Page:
Congratulations on your new job! So you’ve had a few days on the job, and you’re working under the guidance of a co-worker who has been asked to take you under their wing and essentially teach you both how to do the job and more importantly how to do the job the way the company expects you to. How’s it going?
If it’s going great and you’re learning all the things you should, no doubt much of the credit for your positive experience goes to the person training you. If you are fortunate, that person is not only good at their job, but they are also skilled at sharing the necessary skills and information to you in such a way that you’re picking things up. This has required two things; you as a motivated and invested learner and of course the aforementioned good trainer.
However, what about those situations where you are placed under the guidance of a trainer who is either too busy to properly train you or the person moves at too rapid a pace for you to fully grasp all the information you are being given? I know of a few people who are pretty intelligent in their jobs but who are not the best trainers when it comes to relaying what they know to others. They are excellent people with friendly smiles and fantastic attitudes too. The problem really is just that when they are explaining concepts, techniques, and processes, they have an expectation that those learning from them absorb the knowledge just as quickly as they share it, and that they learn it as they would understand it if on the receiving end.
There are many trainers who make the critical mistake of improperly reading those they are training. It’s not that they are poorly suited to train others, it’s just that they go so quickly, they fail to ensure that those they are training embed each piece of information they are being given so they can then build on what they’ve just learned and learn more. They may indeed check with the new employee to see what they’ve learned, but they do so using suggestive language such as, “You’re getting all this right?” This kind of question suggests the answer the trainer expects; in this case you’re understanding everything I’m telling you and if you aren’t it’s somehow your problem. Not many people new on the job are going to have the confidence to reply with anything but an, “Absolutely.”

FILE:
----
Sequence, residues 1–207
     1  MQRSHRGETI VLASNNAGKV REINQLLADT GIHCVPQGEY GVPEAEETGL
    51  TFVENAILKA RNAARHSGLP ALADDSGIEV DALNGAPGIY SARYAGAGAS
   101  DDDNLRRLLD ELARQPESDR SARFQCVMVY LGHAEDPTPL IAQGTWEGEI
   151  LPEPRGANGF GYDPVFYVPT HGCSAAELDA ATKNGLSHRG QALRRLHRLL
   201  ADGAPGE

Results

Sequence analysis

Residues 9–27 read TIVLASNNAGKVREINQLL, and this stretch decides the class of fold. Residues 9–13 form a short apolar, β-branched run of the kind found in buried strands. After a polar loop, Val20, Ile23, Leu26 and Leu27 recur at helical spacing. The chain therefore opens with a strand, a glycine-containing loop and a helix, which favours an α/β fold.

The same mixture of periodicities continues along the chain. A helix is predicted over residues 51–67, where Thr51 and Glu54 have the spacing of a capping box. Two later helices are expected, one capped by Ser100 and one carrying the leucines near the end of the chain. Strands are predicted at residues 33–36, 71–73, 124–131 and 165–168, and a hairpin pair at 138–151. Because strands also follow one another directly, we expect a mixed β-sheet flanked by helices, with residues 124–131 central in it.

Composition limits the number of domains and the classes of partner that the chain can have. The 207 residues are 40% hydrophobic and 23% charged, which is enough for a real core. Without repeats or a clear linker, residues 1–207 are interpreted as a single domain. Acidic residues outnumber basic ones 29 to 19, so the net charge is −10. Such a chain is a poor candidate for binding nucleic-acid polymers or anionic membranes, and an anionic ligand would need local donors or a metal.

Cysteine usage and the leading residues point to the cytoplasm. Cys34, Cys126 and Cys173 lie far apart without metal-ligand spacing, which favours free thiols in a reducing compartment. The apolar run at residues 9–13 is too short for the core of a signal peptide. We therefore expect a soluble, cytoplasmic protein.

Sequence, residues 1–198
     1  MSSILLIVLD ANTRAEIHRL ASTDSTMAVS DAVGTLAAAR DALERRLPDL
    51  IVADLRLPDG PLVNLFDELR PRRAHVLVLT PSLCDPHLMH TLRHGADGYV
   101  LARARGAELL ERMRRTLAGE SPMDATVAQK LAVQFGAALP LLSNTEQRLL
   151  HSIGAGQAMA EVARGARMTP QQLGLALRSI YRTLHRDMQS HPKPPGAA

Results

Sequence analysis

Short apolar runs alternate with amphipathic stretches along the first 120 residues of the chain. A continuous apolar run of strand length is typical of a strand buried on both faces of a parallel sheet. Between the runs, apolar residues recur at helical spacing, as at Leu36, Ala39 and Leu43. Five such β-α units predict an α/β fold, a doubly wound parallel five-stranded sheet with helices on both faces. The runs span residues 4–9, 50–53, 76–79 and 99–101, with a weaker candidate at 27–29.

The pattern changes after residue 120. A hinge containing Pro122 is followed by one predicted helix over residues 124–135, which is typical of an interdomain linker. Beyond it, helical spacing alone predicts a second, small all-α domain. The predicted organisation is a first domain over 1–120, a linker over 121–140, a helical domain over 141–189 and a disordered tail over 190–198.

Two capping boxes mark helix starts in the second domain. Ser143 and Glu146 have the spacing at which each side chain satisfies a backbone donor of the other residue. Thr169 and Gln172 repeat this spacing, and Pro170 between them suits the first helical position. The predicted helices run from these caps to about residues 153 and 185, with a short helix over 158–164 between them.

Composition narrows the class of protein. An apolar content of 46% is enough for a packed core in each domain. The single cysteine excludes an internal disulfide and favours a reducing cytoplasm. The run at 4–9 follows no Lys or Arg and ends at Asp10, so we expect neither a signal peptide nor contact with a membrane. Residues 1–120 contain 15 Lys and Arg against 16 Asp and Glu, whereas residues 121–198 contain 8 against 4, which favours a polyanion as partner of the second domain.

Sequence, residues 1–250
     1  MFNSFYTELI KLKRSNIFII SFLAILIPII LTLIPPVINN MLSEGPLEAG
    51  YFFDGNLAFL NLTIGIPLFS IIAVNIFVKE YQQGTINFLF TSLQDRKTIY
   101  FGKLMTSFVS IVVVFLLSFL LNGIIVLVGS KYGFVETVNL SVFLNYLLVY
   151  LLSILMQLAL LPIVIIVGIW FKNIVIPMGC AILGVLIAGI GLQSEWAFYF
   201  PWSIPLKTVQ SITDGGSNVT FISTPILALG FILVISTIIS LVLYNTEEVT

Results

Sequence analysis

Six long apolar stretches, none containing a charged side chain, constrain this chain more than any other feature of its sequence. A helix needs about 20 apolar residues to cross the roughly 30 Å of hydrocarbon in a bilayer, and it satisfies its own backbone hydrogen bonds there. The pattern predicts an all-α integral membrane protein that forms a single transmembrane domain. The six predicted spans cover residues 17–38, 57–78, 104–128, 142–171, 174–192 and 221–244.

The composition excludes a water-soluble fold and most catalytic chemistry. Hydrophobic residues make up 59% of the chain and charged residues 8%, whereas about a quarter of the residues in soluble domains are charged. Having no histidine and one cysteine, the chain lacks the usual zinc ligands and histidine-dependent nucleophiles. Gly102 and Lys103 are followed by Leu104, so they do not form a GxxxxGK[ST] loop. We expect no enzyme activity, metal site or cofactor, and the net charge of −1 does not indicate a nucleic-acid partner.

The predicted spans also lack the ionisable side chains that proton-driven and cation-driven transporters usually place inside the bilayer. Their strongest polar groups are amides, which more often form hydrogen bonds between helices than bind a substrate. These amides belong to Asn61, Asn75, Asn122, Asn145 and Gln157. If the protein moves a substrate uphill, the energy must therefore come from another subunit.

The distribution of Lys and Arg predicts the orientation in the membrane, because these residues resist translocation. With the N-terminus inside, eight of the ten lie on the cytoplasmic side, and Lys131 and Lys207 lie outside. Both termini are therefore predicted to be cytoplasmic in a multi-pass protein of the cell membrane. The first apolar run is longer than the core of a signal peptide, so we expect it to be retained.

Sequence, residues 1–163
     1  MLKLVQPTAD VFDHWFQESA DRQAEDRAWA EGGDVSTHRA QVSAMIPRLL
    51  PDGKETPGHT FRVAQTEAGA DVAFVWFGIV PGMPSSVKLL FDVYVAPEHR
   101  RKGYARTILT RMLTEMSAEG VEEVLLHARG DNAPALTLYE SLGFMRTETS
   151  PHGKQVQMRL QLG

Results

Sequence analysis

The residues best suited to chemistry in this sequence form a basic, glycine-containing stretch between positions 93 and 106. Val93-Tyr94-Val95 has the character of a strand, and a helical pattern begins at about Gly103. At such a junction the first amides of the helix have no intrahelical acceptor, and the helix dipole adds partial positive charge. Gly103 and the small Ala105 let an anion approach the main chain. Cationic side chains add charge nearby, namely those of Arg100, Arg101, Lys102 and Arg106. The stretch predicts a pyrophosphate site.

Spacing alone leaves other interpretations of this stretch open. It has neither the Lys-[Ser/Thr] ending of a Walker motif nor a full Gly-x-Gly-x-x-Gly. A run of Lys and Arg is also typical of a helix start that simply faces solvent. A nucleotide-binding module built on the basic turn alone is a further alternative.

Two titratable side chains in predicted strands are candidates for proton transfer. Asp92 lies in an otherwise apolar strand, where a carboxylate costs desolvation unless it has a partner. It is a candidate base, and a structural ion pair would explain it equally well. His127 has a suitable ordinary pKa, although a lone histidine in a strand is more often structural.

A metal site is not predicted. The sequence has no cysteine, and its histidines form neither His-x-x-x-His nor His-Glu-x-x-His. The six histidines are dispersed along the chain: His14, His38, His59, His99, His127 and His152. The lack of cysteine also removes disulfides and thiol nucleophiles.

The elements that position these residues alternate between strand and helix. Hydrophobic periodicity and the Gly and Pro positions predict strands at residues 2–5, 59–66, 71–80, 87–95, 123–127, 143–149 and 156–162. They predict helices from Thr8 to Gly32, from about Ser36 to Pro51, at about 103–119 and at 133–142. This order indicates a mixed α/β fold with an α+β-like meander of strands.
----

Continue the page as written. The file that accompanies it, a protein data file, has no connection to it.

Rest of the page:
People don’t all learn at the same pace, nor do people all learn the same way. Trainers don’t usually start off by even asking the person they are working with their preference for learning styles. And yet, there it is in a nutshell. Some people learn best by being given a manual to read on their own, others prefer to be shown what to do and some like to be told, shown and then given the opportunity to try on their own under the watchful gaze of the trainer who can check on their learning just a few examples.
I’ve heard some people who are chosen to train others say things like, “Oh it’s so frustrating teaching so-and-so. She’s so slow! I show her something and she just doesn’t get it!” Being on the listening end, it could in fact be that the new employee is indeed overwhelmed and not a good fit for the job. It equally could be the case however that the new employee is not the problem at all, but that the trainer has failed to adapt their training style to match the learning style of the person being trained.
Many people who are excellent workers and highly skilled are just not cut out to be trainers for new learners. What makes things difficult of course is that Management probably sees the person they’ve asked to train the new employee as a superior choice. They do their job very well and are friendly, intelligent etc. so they will make a great trainer. That’s an assumption that just isn’t translating in reality however all the time.
If you are ever put into a position where you are asked to train others and you yourself haven’t been formally trained on how to train others, you should seek out some personal development opportunities on how to become a trainer. Maybe your employer has such classes available at no charge. Train-The-Trainer courses are good places to start so if you have the opportunity make sure you invest in it.
When you are in an interview for a job, one of the questions you might want to pose is to ask about the training you’ll receive when hired, and further how long you’ll be given until you’re expected to be up and running productively on your own. Knowing this timeline can ease your stress level or at the very minimum prepare you for the company’s expectations if they differ significantly from what you would have expected.
It can be a stressful time when you start up with a new company. Their expectations coupled with your own can heap a lot of pressure on you that you’ll have to deal with. Stay positive, don’t expect to learn it all immediately nor work free of errors in the early going. Unless that IS the company’s expectations! AHHHHH!
Written By Kelly Mitchell
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